Latest planning applications for the Westfield Ward

Below are the latest planning applications received by the York Council for the Westfield ward.

Full details can be found by clicking the application reference

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14 Askham Croft York YO24 3FD

Crown reduce Red Chesnut away from house to give 2m clearance; reduce canopy height back to previous reduction points – protected by Tree Preservation Order no. TPO 60.

Ref. No: 18/01546/TPO 

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126 Wetherby Road Acomb York YO26 5BY

Erection of single storey extension extending 4.4 metres beyond the rear wall of the original house, with a height to the eaves of 2.5 metres and a total height of 3.9 metres

Ref. No: 18/01406/LHE

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79 Lowfields Drive York YO24 3DQ

Two storey side extension and conservatory to rear.

Ref. No: 18/00445/FUL 

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Representations can be made in favour of, or in objection to, any application via the Planning on line web site.  http://planningaccess.york.gov.uk/online-applications/

NB. The Council now no longer routinely consults neighbours by letter when an application is received

York Council set to punish “good tenants”?

The York Council is aiming to quit the North Yorkshire Home Choice service (NTHC). The scheme provides a boundary free geographical area in North Yorkshire for which prospective social housing tenants can register their interest. It allows, for example, Selby residents to register an interest in moving to York, while York applicants can register to move to Scarborough.

Most respondents to a council survey disagreed with the York plan to leave the organisation, although most did agree with a range of changes which would tighten up the how social housing allocations are made.

These include plans to crack down on fraudulent applications and ways to reduce the period during which bids for housing must be lodged.

The full new York allocations policy can be found by clicking here

Hidden in the proposed changes is a plan to scrap the “Good Tenants” system which allows existing tenants, with a good rent payment and behaviour record, to participate in the bid process for vacant properties in other parts of the City.

It was introduced about 15 years ago to help those tenants who, through no fault of their own, ended up being housed in a neighbourhood remote for their job, family or friends.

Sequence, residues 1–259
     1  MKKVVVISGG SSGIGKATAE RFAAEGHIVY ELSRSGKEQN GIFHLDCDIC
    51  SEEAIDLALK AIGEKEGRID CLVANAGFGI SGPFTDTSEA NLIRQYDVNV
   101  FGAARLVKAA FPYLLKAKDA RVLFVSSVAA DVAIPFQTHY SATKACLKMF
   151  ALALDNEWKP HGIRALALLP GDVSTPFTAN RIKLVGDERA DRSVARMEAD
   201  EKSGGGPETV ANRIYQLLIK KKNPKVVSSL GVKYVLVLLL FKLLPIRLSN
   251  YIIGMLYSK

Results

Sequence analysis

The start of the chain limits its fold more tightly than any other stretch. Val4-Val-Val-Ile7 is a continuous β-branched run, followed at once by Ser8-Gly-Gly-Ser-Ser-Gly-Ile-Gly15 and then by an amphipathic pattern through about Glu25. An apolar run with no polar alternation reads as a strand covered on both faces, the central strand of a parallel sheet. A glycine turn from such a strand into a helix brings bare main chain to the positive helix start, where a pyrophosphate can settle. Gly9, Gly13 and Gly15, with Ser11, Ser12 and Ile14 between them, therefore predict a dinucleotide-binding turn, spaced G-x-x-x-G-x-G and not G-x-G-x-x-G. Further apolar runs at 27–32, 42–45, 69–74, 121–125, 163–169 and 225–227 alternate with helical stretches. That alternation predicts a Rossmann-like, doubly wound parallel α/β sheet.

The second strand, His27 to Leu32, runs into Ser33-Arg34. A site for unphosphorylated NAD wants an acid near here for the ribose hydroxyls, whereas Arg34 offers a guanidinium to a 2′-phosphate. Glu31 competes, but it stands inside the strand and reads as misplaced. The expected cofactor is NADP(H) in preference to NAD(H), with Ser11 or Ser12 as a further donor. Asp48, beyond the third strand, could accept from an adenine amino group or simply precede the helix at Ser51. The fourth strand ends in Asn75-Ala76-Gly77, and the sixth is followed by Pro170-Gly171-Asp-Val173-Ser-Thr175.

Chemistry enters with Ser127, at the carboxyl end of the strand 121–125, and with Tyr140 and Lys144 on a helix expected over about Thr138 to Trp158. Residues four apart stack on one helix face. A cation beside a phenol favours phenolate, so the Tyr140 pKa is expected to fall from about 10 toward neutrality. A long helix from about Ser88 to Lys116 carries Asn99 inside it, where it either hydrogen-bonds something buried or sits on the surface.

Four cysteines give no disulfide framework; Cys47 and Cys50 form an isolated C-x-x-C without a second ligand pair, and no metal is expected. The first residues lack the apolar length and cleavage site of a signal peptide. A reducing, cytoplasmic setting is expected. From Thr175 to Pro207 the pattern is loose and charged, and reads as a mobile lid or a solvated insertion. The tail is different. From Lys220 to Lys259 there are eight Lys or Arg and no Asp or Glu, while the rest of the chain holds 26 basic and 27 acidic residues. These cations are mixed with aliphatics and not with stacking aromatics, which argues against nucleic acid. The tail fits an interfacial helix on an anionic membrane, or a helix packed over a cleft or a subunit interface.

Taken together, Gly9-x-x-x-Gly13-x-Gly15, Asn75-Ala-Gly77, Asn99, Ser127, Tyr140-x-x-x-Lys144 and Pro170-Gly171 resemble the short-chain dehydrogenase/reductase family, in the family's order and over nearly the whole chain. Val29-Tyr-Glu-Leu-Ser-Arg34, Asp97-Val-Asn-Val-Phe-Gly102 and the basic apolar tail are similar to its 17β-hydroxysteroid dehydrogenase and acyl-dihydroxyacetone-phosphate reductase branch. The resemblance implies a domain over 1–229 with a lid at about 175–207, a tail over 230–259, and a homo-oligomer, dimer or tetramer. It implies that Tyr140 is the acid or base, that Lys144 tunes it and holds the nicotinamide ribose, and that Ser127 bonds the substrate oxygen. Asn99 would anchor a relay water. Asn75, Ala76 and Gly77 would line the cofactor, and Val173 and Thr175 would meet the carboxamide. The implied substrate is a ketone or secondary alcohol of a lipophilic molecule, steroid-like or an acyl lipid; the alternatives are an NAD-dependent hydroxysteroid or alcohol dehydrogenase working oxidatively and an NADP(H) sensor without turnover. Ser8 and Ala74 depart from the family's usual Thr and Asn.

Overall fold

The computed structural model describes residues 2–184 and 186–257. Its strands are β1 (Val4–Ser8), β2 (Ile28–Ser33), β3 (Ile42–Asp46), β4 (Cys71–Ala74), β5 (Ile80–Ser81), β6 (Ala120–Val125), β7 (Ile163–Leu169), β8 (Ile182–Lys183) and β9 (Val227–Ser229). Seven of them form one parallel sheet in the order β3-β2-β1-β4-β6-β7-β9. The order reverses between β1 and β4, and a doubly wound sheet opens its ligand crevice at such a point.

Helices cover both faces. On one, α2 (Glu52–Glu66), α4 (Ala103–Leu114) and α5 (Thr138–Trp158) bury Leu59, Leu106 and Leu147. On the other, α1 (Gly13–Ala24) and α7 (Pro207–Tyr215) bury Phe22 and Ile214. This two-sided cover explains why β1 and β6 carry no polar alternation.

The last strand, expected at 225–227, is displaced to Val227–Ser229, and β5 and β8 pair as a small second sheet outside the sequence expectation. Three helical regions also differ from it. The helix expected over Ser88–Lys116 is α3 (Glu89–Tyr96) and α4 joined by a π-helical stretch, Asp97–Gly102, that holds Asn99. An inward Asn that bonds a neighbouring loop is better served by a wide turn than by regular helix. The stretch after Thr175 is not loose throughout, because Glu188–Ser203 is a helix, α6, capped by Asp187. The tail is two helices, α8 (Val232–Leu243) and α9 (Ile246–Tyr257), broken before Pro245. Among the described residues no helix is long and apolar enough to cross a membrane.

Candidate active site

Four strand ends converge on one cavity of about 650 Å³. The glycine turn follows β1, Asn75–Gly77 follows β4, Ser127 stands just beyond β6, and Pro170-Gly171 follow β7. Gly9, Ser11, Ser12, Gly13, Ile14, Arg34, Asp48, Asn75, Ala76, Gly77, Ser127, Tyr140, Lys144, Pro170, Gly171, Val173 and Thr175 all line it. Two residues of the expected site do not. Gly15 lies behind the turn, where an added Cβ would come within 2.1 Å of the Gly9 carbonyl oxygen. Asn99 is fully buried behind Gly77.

This could happen when new tenants were given no choice of location when allocations were made.

In some cases, neighbour problems prompted requests for transfers.They often found it impossible to agree anl exchange, particularly if they lived in a street or block with a poor reputation.

When considering the “good tenant” scheme  several councillors, at the time, argued that a mis-allocation should not be a “life sentence”. Some tenants found it impossible to find  a mutual exchange partner and “management transfers” were hard to get.

Including transfer requests in the letting process does not reduce the number of vacancies available. It may add a few days into the cycle as the first tenant moves to their new home. Their old tenancy though becomes immediately available for letting.

The only real argument in favour of the restriction offered by officials is administrative convenience.

Peoples well being should have a higher priority.

Interestingly this proposal was not included in the survey of opinion that the Council undertook with local tenant representative organisations.

Separately, the Council has said in response to a Freedom of information request that it cannot provide figures giving the number of applicants on the housing waiting list divided between those applying because of overcrowding and those existing tenants who are seeking to downsize.

They say only that the numbers on the waiting list by band currently are:

  • Bronze 408
  • Silver 866
  • Gold 206
  • Total 1480

Historical trend information is also not available.

We are slightly sceptical about the response.